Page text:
Friday, October 15, 2010

Answer for Allen about my mailbox

Thanks for the question Allen!  This is exactly what my intentions were when I had the idea of starting a blog and website.  You see, I have no problems sharing whatever I can to help.  If you can do it yourself, great!  If you can't, I will do it for you if you want.  I would rather do one off's (customized to you) than production work. If you look at my house pictures in the "Our new old house" tab, you can possibly understand why I went with this design.  In my opinion, the house can best be classified as a Georgian style of architecture.  With that thought in mind, my future plans for other elements (Footbridge, seated arbor, low picket fence), are going to stick to that theme for the sake of consistency.  Now on to your question.

I don't use plans.  There are several reasons why.  First and foremost, I just like to figure it out for myself.  Next, I can never find plans that are "exactly" what I need, or fit my particular application.  I usually get general dimensions and work off a rough sketch, creating as I go.

I started out making a basic box 12 x 12 x 60" out of 3/4" plywood with simple butt joints, glue, and nails.  Inside the box I put (2) 12 x 12 squares about 6" and 36" up from the bottom with a 4" square cut of of the center of those so I could put the completed mailbox over a 4x4 post set in concrete.  I made all the molding myself with a router out of regular pine boards and treated lumber. Basically you just apply the molding to create the frames and trim to the basic box.  You can use store bought molding too if you want, I just didn't want to run to the store for such small quantities (and I have to justify the expense of the router bits to my darling wife).  The top was actually four pieces of wood cut at a 15 degree angle.  I stacked one on top of the other, glued and clamped together, then sanded.  Once it was assembled I caulked everywhere I thought water could enter, then primed and painted with 3 coats of exterior paint.  Before I set it in place I sprayed the inside with Thompsons water seal.  I figured it couldn't hurt .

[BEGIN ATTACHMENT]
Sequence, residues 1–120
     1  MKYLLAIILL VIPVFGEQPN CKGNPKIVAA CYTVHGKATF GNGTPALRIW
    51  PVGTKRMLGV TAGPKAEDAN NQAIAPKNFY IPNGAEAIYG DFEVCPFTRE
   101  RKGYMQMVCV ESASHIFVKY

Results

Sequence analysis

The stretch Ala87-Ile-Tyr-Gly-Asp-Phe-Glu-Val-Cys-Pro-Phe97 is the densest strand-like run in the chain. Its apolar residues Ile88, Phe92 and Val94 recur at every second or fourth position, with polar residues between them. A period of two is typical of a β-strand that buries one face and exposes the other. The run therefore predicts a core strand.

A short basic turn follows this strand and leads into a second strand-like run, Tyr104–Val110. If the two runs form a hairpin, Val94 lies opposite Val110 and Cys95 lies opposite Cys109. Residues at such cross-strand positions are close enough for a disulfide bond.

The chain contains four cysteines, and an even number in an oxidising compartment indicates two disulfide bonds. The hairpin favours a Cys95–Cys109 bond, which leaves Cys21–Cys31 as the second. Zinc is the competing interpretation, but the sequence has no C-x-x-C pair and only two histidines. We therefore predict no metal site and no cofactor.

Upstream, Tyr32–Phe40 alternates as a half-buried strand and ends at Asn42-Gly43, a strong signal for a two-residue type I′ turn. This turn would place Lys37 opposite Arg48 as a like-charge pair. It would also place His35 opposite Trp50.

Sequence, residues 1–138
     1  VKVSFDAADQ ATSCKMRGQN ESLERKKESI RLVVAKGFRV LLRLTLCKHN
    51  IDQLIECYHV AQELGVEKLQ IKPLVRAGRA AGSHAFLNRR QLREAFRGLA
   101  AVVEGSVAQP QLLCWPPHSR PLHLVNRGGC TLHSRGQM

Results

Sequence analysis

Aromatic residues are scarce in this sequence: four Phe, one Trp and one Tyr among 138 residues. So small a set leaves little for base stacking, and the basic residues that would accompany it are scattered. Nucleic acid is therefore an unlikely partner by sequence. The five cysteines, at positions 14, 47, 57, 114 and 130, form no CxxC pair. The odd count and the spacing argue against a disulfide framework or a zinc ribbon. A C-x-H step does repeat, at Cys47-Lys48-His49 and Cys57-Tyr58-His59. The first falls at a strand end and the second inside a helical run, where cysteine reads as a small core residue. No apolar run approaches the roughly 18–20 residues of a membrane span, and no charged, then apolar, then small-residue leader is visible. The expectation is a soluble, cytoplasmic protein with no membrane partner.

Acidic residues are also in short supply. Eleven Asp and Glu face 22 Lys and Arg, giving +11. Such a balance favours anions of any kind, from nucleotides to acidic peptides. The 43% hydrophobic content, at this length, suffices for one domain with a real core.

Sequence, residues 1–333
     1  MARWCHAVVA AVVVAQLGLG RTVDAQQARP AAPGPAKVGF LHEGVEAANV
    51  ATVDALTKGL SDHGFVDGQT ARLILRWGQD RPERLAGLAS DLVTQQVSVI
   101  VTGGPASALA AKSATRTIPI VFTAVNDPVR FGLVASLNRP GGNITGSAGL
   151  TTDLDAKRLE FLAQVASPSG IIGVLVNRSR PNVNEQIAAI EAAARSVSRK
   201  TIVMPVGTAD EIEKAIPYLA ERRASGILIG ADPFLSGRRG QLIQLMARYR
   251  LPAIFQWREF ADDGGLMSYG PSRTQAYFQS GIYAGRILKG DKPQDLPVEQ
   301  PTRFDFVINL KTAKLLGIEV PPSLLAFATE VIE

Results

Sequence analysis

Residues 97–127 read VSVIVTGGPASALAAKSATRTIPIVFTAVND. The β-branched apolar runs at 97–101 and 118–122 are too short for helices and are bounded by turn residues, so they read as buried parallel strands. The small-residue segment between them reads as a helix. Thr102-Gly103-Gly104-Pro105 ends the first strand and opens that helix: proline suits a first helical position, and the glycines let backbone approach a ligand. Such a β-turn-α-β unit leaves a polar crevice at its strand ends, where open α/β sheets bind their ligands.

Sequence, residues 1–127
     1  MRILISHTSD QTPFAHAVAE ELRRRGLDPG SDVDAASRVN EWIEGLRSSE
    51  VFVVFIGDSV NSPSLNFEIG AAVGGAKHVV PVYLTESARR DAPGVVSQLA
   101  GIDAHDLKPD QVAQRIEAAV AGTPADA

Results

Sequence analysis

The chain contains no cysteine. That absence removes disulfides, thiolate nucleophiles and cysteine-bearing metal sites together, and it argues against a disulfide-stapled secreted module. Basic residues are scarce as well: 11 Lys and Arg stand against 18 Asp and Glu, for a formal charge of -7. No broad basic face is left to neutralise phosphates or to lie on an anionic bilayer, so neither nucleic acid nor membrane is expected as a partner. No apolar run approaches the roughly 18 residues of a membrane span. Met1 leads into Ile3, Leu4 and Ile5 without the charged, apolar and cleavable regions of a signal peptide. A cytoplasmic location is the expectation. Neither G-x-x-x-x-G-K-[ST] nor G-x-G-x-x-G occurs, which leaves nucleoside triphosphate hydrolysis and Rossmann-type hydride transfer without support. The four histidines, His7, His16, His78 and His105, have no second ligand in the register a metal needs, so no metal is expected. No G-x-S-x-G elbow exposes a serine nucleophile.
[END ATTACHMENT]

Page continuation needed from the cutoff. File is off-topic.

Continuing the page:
The Residential Mailbox Standards gave me the guidelines for mounting the mailbox.  I didn't want it to sit directly on the dirt, so I leveled off a small area and dug a hole about 18 inches deep to accept a 4x4 post that stuck up out of the ground about 4 feet.  I then made a form out of 2x4's and used (1) 80# bag of concrete to make a small pad and secure the post.  After all that was dry, I had my son Patrick help me lift the mailbox and slide it down over the 4x4.  That's it!

If you have any more questions, just let me know.  I'll be glad to help.  Please visit my other blog for some of my other projects.

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